Never short of bravado, he told his listeners that his canvassing was already done (not that he had been doing too much of it to begin with). Everybody in the constituency knew him and everything that could be said for or against him. The IPP had sent sixteen MPs and forty organisers against him, but where were they now? All snowed under, unable to do anything but warm their toes at hotel fires. Just as Napoleon could fight everything but the snow, so was the sixteen horse power MP machine of John Redmond helpless against the elements.
An unwise heckler felt the edge of Tully’s tongue: “I hope, Mr Rafferty, you will try to restrain yourself. You are now trying to pose as a Sinn Feiner, while your brother is out in the trenches fighting for England.”
To general laughter, he proceeded to taunt the “little sham of Sinn Feiners” in the Plunkett camp, painting a lurid picture of them kissing and hugging the Sherwood Foresters who had pacified the country after the Rising. “These twopenny, halfpenny, tin-whistlers were great fighters now with their mouths,” he sneered.
Contrary to what they may have heard, Tully told his audience, the Count had not been put forward by Sinn Féin. After all, Sinn Féin did not believe in Parliamentary elections, and if a real Sinn Féiner was to be elected, he would not sit, so why would one be running in the first place? That left just him, a local boy, the only one who could hope to do a particle of good for North Roscommon.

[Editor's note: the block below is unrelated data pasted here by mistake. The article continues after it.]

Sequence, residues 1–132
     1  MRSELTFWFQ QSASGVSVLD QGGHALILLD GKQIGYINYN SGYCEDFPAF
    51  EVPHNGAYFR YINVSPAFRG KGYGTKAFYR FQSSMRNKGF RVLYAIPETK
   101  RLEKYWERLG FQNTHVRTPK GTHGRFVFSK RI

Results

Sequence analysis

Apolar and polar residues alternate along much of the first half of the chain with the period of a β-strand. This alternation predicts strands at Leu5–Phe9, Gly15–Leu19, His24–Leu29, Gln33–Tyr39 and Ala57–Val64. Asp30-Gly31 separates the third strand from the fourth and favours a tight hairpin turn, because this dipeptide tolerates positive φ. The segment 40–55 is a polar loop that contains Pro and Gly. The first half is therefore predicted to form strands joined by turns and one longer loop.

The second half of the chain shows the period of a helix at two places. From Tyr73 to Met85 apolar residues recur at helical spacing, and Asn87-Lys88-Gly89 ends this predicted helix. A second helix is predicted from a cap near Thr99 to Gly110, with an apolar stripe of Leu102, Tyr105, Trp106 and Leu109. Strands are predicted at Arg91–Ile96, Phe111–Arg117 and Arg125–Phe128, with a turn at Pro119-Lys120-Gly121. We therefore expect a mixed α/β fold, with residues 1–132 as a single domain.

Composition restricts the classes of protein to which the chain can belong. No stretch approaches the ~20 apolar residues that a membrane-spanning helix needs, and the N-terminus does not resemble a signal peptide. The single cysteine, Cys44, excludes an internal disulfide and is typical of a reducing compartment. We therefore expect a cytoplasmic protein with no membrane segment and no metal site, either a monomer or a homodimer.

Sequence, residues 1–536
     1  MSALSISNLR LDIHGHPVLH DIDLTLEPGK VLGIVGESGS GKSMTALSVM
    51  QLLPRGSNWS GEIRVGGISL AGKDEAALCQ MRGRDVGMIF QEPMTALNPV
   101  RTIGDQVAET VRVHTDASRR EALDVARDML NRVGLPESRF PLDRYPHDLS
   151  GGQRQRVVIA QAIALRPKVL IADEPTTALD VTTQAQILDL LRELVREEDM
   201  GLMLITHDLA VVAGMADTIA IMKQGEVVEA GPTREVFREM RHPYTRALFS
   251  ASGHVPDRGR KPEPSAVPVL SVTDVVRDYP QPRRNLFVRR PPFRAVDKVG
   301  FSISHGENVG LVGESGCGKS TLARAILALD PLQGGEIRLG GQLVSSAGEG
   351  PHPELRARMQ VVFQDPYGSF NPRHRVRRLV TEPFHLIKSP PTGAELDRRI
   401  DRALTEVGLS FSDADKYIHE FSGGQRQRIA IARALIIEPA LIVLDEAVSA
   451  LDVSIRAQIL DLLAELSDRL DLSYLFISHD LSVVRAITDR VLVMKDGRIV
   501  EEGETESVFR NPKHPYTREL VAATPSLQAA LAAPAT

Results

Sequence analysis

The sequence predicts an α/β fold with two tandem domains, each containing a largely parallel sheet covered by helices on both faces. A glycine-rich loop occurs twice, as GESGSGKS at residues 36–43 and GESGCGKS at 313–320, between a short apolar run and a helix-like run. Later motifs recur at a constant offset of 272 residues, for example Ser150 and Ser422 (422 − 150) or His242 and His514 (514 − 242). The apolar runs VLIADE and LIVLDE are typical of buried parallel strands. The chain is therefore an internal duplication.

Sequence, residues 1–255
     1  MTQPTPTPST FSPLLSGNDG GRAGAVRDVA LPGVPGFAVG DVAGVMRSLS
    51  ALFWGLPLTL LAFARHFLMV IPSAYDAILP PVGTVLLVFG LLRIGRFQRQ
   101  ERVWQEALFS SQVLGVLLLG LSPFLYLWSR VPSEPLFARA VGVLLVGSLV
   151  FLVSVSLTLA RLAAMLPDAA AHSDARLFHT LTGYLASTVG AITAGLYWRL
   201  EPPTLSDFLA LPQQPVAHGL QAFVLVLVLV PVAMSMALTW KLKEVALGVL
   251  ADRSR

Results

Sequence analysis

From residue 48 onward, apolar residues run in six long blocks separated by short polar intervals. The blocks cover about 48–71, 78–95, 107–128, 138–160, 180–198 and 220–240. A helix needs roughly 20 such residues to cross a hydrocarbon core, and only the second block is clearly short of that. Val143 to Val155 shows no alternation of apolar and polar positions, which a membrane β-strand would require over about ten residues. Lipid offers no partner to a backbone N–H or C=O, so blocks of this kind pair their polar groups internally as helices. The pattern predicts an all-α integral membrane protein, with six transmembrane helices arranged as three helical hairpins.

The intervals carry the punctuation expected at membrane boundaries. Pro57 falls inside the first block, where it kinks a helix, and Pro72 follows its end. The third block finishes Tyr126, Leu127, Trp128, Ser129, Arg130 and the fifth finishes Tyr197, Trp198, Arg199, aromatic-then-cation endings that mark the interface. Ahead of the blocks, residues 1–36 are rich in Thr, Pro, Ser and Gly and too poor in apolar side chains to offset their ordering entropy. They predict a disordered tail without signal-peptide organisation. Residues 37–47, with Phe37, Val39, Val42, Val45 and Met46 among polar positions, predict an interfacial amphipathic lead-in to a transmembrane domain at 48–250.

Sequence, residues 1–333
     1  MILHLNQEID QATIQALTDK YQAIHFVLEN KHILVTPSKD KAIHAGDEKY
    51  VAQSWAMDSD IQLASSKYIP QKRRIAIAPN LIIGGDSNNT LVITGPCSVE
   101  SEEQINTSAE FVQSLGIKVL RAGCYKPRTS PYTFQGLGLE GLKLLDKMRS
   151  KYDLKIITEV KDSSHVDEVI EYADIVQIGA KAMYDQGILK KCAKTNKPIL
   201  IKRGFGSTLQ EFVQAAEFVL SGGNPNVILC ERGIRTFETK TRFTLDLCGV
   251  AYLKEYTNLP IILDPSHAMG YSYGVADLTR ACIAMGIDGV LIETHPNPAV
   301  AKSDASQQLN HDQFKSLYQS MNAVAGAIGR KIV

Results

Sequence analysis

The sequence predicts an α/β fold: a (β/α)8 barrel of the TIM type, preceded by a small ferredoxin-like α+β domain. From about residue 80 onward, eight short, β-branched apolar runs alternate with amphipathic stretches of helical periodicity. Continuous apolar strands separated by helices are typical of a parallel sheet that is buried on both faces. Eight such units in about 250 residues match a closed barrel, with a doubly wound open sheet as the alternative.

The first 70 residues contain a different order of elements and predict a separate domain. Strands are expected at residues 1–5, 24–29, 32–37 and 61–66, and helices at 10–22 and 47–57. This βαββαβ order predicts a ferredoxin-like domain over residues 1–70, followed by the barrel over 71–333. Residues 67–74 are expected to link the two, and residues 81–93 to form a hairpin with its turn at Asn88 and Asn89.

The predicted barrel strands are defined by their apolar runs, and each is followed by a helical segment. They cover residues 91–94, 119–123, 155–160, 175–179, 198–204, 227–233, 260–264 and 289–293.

Seconding Tully on the platform was M.J. Judge. As a member of the Irish Volunteers (one of the very few to support a candidate other than Plunkett), that alone gave him some weight. Judge quickly picked up Tully’s thread: it was not Sinn Féin but the ‘League of the Seven Attorneys’ who were behind the Plunkett campaign. Each of these said attorneys was only interested in obtaining an easy job in the government, and would use Roscommon as a bargaining chip towards this.
Tully announced himself happy to step down in favour of a “real Sinn Feiner” but not for a man who, before becoming a government servant, was:
…always known in Dublin as an amiable old Whig. He is now a very feeble old man, and a delicate man. It is really the Dublin people who should take him up for Parliament, if he is anxious for a seat, but I do not believe he knows anything about North Roscommon except seeing it on the map.
Tully cited Eoin MacNeill as an example of a ‘real Sinn Feiner” for whom he would be willing to move aside. As the imprisoned Chief of Staff to the Irish Volunteers was unlikely to be in Roscommon anytime soon, Tully could happily make such empty promises.
It was notable that Tully made the point of criticising those purporting to be of Sinn Féin rather than the party itself, an indication in itself of the direction in the public mood. The first time the name of Sinn Féin was raised in connection with the election was the report by the Roscommon Herald in the first week of January 1917 about rumours in local Sinn Féin circles of running someone for the election.